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Thursday, October 27, 2016
Caring for the sick fulfills the Gospel of Love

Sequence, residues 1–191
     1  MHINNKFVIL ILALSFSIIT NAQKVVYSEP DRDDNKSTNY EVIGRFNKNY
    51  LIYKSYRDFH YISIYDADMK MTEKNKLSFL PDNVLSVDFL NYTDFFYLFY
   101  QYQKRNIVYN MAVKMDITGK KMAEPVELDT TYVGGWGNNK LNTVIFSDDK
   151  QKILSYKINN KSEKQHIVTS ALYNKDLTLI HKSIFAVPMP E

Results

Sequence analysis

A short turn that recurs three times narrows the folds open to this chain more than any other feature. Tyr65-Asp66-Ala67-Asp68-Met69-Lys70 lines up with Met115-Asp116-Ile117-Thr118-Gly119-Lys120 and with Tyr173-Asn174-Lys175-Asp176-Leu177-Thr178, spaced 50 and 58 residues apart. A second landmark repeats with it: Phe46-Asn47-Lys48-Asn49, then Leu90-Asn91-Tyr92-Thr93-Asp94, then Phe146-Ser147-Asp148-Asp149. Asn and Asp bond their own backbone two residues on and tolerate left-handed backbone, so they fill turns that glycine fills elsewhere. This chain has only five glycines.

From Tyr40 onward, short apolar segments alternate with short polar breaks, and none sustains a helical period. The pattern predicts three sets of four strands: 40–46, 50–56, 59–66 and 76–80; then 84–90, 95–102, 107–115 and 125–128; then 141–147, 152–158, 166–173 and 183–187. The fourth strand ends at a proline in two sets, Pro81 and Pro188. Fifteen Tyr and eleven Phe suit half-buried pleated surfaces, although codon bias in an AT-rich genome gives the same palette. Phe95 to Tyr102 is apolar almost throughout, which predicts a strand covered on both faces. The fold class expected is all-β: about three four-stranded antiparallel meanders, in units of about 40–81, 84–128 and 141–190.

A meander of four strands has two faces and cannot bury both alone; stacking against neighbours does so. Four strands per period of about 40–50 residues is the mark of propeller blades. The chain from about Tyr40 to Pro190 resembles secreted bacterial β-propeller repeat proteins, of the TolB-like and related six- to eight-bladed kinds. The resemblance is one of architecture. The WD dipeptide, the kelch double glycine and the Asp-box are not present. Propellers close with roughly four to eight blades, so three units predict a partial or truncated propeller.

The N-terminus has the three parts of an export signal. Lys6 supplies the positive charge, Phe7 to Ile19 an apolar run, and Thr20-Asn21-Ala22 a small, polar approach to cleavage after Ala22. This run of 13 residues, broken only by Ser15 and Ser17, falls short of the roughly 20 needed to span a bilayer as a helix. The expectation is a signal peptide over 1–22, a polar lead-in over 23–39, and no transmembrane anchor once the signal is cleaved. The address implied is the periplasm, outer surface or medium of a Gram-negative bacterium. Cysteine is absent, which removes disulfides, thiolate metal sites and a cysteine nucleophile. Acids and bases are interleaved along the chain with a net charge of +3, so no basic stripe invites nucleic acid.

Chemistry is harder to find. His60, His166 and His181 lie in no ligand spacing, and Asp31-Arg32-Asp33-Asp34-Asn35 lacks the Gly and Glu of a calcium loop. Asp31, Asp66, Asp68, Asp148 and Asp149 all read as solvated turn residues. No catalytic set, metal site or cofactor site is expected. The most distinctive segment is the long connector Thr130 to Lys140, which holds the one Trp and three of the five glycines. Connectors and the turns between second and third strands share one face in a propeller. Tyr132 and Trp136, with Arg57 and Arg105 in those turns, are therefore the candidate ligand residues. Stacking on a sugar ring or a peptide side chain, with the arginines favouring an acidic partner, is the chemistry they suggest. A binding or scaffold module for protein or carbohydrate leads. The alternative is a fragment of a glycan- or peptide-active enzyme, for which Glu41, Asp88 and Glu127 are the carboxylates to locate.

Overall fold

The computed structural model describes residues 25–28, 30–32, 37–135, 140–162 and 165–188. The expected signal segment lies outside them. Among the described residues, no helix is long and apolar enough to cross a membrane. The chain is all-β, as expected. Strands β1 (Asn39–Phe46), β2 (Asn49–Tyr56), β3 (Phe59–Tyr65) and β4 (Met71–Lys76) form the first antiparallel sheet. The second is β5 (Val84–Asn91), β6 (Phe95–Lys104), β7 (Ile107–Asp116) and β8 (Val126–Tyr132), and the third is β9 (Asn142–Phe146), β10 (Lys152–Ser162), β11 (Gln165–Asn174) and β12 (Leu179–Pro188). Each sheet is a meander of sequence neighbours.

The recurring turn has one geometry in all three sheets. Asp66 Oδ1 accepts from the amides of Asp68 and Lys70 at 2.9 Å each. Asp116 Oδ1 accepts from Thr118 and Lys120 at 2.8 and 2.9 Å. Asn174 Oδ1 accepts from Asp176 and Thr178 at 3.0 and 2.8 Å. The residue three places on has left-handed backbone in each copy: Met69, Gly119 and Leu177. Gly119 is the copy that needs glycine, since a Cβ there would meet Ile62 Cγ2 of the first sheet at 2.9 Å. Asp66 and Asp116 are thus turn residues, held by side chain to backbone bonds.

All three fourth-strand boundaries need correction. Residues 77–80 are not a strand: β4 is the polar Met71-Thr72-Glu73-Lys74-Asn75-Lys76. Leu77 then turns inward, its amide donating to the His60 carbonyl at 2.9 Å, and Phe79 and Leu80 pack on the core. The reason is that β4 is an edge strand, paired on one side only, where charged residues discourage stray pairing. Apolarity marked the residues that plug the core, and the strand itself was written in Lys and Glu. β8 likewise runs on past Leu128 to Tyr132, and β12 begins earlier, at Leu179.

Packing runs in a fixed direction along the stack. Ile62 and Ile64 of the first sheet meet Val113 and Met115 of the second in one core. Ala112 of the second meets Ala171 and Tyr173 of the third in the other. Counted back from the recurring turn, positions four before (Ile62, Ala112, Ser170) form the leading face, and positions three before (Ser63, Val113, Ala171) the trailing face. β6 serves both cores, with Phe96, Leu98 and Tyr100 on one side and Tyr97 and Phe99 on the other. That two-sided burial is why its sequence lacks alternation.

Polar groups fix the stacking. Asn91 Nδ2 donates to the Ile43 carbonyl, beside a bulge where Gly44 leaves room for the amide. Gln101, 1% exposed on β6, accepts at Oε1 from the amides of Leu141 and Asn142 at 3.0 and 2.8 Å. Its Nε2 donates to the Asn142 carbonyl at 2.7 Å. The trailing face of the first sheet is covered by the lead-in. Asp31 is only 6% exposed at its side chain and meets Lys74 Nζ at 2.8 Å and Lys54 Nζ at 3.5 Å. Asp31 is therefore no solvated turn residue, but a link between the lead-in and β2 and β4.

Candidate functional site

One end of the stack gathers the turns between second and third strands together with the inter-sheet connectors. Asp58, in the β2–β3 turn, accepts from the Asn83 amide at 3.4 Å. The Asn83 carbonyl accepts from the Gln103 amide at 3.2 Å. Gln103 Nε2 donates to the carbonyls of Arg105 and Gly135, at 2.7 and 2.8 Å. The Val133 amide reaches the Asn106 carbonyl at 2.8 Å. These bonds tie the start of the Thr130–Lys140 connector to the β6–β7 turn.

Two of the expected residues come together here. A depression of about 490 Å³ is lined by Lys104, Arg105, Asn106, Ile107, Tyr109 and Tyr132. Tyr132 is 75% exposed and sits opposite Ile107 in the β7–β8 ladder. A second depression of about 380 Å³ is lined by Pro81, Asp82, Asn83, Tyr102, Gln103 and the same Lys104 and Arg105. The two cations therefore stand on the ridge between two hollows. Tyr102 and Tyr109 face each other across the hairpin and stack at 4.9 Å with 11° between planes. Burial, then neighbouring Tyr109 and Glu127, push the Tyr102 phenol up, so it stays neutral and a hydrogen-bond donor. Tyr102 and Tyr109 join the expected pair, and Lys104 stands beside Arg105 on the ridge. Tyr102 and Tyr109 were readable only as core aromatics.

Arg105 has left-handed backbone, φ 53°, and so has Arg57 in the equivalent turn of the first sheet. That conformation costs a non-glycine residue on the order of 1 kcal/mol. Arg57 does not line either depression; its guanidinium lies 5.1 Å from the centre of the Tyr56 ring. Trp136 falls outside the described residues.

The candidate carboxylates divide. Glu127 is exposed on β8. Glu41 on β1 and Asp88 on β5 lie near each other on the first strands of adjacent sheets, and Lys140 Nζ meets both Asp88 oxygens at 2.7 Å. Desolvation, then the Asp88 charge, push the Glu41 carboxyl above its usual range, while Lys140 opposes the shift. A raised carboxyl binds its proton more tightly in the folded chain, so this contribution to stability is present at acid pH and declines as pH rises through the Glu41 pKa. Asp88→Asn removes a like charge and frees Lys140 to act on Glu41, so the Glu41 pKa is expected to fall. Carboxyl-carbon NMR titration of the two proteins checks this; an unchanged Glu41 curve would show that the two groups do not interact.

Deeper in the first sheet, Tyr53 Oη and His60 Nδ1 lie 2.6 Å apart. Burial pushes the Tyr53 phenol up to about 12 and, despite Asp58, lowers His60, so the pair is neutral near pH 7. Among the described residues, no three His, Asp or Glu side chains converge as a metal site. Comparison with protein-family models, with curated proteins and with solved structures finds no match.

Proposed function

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 This morning in the Paul VI Hall, the Holy Father welcomed 700 participants in the 17th annual international conference sponsored by the Pontifical Council for Health Care Pastoral Ministry. The three-day conference began today in the Vatican on the theme "The Identity of Catholic Health Care Institutions." The Pope said that this theme "has great importance for the life and mission of the Church" as she has "always associated assistance to and care of the sick ... with the proclamation of the Good News." He noted that many of the "saints of charity and hospitality, such as St Camillus de Lellis, St John of God, and Vincent de Paul" founded institutions for the sick which were precursors of modern hospitals. Catholic health care institutions, he added, are "the Church's answer in solidarity and charity to the mandate of the Lord Who sent the 12 Apostles to announce the Kingdom of God and heal the sick." Pope John Paul thanked the participants for their "efforts to give a new stimulus to the International Federation of Catholic Hospitals, a valid body for answering in an ever better fashion the many questions faced by those who work in the world of health on many fronts." "To completely understand the identity of (Catholic) health care institutions," stated the Holy Father, "we need to go to the heart of what the Church is, where the supreme law is love. Catholic health institutions thus become privileged witnesses to the charity of the Good Samaritan because, in caring for the sick, we fulfill the Lord's will and contribute to realizing the Kingdom of God. In this way they express their true ecclesial identity." "In the Apostolic Letter 'Novo millennio ineunte', John Paul II said, "I recalled all those who are lacking even the most elementary medical care. The Church looks at these brothers and sisters of ours with particular concern." He expressed the hope that "Catholic health care institutions and public ones might efficaciously collaborate, united in the common desire to serve man, especially the weakest and those who in fact are not supported socially." Source: Vatican Information Service
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